What would cause Negetive battery side post to melt

DJM1972

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#1
Please fill out the following to ask a question.

MAKE:Chevy
MODEL:Cavalier
YEAR
:2001
MILES:not sure
ENGINE
:not sure
DESCRIBE ISSUE....
Subject: What would cause Negetive battery side post to melt on a:

2001 Chevy Cavalier



I've done a little searching on the www

And seems like there could be quite a few possabilities.



Positive side



  1. If there is a bare positive wire touching or grounding out. You would think for sure that it would have a melting eftect. This is where I want to go to 1st.

  2. Negetive side


    1. Bare negetive wire touching engine & or chasis. (Normally a ground but since its possibly a bare wire this would be a battery drain.) But this shouldn't cause it to melt.

    2. That negetive wire didn't look all that good. There is corosion at the chasis ground and a but conector between the battery and starter or solenoid. Which could be causing to much resistance somewhere somehow. (Replace)

    3. We can throw my battery in and make sure it does the same thing. Make sure it's not the battery.

    4. Its possible it could be a faulty starter or Alt. We'll need to figure out how to test these also. But how likely is it that this is the possability.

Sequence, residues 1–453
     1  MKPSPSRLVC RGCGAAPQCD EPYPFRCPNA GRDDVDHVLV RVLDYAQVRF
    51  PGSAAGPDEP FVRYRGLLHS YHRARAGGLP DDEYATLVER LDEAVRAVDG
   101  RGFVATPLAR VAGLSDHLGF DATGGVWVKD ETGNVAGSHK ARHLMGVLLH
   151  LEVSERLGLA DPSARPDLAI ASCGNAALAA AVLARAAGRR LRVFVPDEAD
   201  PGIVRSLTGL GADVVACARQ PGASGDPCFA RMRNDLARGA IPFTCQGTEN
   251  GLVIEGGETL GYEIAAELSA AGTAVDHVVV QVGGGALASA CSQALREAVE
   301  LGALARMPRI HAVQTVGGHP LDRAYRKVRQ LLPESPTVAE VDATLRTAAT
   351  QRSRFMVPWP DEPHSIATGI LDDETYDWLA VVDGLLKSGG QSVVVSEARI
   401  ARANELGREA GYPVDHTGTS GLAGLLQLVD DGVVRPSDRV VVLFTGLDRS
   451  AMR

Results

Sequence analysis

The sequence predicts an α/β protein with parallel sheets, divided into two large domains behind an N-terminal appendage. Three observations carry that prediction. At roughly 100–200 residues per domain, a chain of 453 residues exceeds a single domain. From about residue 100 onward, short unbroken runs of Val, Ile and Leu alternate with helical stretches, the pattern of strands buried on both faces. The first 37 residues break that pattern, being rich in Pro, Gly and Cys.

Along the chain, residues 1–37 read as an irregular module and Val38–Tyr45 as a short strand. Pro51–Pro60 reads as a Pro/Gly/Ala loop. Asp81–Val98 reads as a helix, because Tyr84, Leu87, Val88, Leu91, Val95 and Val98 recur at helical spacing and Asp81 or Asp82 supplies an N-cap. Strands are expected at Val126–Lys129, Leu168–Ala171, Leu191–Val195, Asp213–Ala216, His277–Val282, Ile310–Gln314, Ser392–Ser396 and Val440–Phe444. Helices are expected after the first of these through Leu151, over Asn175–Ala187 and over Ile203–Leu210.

Misc.
      1. Hood touching. But it was melting with the hood up.


      These are some of the possibilities but I'm sure I haven't thought of all them. If any one else has some idea's that would be great.
 

nickb2

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#2
I will try to respond with the simplest answer I can find, and if I make a mistake, one of my colleagues/friends here will correct.

Electron flow will follow the path of least resistance.

Remove any related wiring from that wire THAT IS MELTING. There is a cause to this.

It could be a short or ground issue. Todays batteries throw quite alot of CCA's. (cold cranking amps)

If that "wire" is melting, what is it connected to?? Starter? If the positive side is melting, put your bets on a bad ground. Not unheard of on these GM models.
 

nickb2

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#3
On most of these models, the ground bolt is located on the bellhousing of the transmission. Unless it was modified. Which may account for your trouble.

If the electron flow cannot return to ground of this circuit, any power wire, whatever gauge size will melt and potentially cause a fire. Especially since these engine like to leak oil.

If it is melting in the region of the battery/starter, you should not concern your self with an ignition main wiring short. A fuse would have blown way before, this is what we call a direct short.

Remove any fuse and relay starter related, or high amp fuse such as the alt fuse. replace the said wire and try again.

Question? Are there any aftermarket stuff installed? Remote starter? ETC.

If the ign fuse did not blow, again, you have a direct short.